Acute Otitis Media
Acute Otitis media is an acute infection of the middle ear and eardrum, by pus forming organisms and commonly seen in infants and younger children.
Otitis media is caused by either a viral or bacterial infection of the middle ear. It often follows a cold or upper respiratory tract infection. This infection causes inflammation of the Eustachian tube and prevents normal fluid drainage from the middle ear or the infection can travel via the tube into the middle ear.
Factors that may predispose otitis media include allergies resulting in repeated upper respiratory infections, secondhand smoke exposure, bottle feeding when laying supine or flat and family history of ear infections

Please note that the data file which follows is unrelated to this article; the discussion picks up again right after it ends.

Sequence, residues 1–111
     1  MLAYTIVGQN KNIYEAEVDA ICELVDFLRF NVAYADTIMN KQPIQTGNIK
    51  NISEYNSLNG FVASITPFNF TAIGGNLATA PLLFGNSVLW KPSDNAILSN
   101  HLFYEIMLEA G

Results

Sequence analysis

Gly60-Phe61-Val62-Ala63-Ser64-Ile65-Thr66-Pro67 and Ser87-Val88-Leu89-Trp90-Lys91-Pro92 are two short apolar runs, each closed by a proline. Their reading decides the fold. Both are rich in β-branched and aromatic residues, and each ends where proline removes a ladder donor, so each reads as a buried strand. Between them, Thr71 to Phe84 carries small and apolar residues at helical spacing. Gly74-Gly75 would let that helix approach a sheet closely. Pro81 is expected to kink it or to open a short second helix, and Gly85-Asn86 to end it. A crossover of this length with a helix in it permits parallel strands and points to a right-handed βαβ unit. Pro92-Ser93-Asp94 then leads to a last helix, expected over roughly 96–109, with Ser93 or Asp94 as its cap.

Ear Pain is the most common symptom. Often infants and young children may not be able to localize the pain and may be fussy, irritable and sleep poorly.
Other symptoms of otitis media include: Hearing loss, ringing or buzzing sounds in the ear, full or plugged sensation in the ear, fever, occasionally, discharge from the ear (the eardrum ruptures and the infected fluid drains out).
The treatment of acute otitis media includes antibiotics, pain killers and medication for cold. Rarely, surgical intervention in the form of a myringotomy is required to drain the pus.